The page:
Strawberries produce different berries at varying times depending on the cultivar. June-bearing strawberries feature a large yield with large berries early in the season. Everbearing varieties produce smaller berries throughout the growing season. Novelty strawberries range in color (from purple to gold to white) and flavor. Pineberries fall into the everbearing category as a novelty type.


A close-up of pineberries which are small white fruits with red seeds resembling pine cones. The berries showcase a delicate texture. Surrounding them are vibrant green leaves, providing a lush backdrop.
The berries are mostly white and acquire a pink blush in full sun.

Pineberries are everbearing strawberries that flower and produce fruit from May through September. While mostly white, berries get a pink blush in full sun. 

Small plants reach about one foot high and one and a half feet wide, producing runners that sprawl along the ground. The plants make pretty border plantings and container specimens for easy picking.

Five-petaled flowers are bright white with yellow centers, sweet and showy on the plant. Dark green leaves of three (tri-foliate) dot the stems. Plants spread through runners, which take root as they grow.

As an everbearing strawberry hybrid, pineberries produce a first crop in spring and then at about six-week intervals throughout summer and fall. Fruits are ripe when seeds turn from green to red. Enjoy them fresh from the vine, or prepare them in jams, pies, smoothies, and anywhere you’d use a red strawberry.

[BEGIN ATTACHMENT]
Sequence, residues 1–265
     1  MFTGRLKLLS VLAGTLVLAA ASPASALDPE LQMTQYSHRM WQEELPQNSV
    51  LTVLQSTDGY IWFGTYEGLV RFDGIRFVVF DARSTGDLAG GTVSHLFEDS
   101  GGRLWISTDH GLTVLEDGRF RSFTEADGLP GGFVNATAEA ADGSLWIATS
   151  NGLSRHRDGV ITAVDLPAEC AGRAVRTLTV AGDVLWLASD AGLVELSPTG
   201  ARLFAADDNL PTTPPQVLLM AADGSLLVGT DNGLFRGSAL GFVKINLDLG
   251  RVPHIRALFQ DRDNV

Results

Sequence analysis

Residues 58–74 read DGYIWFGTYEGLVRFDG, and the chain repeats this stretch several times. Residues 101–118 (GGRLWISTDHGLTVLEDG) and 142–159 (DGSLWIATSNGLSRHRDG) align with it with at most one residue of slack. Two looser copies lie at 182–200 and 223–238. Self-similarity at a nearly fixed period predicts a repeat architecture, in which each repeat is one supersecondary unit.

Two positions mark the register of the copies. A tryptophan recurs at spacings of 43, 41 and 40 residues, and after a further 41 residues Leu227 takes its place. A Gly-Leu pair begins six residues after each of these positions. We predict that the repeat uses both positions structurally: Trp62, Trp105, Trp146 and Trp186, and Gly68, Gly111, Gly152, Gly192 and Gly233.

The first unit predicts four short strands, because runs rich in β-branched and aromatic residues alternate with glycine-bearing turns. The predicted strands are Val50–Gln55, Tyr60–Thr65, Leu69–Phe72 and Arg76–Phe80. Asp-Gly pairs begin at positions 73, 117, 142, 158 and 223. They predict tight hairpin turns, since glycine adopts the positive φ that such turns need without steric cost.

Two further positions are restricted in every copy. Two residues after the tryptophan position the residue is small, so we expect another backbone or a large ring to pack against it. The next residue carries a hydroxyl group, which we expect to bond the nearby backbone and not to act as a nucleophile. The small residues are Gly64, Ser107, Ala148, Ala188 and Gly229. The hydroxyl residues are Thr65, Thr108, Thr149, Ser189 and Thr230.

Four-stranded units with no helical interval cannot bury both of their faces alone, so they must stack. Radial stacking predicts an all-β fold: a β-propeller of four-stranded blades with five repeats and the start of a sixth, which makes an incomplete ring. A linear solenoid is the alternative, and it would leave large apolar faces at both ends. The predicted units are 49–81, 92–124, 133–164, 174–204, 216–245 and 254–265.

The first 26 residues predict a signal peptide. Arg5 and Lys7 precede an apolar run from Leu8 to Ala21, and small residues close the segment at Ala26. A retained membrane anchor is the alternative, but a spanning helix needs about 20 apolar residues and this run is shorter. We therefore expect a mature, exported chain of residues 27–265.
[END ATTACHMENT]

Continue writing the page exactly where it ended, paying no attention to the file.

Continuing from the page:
Native Area

In a strawberry garden, plants stand adorned with vibrant green leaves and pristine white flowers, promising the arrival of future fruits. The absence of berries highlights the anticipation in this scene, while the plants thrive in rich brown soil, ready for fruitful growth.
Pineberries came from Chilean or Japanese white-fruited strawberries crossing with Fragaria virginiana.

Strawberries grow best in cool, mild climates. Over 90% of commercial strawberries in the United States grow in Florida and California. In Florida, production is best from November to April, and in California, from February through November.

Pineberries became commercially available in the U.S. in 2012. They are descendants of the white-fruited Chilean strawberry, Fragaria chiloensis. Native peoples cultivated the white strawberry in South America more than a thousand years ago, and it was introduced in France much later — in the early 1700s. The scarlet strawberry (Fragaria virginiana) naturally pollinated the white-fruited Chilean strawberry, and pineberry cultivation began.

There are many white strawberries (and pineberries are white strawberries), but they differ from pineberries in cultivar and fruit. Similar to the Chilean pineberry crosses, Japanese white-fruited strawberries have also crossed with Fragaria virginiana to produce the ‘Florida Pearl’ pineberry, which is widely cultivated from extensive strawberry research at the University of Florida.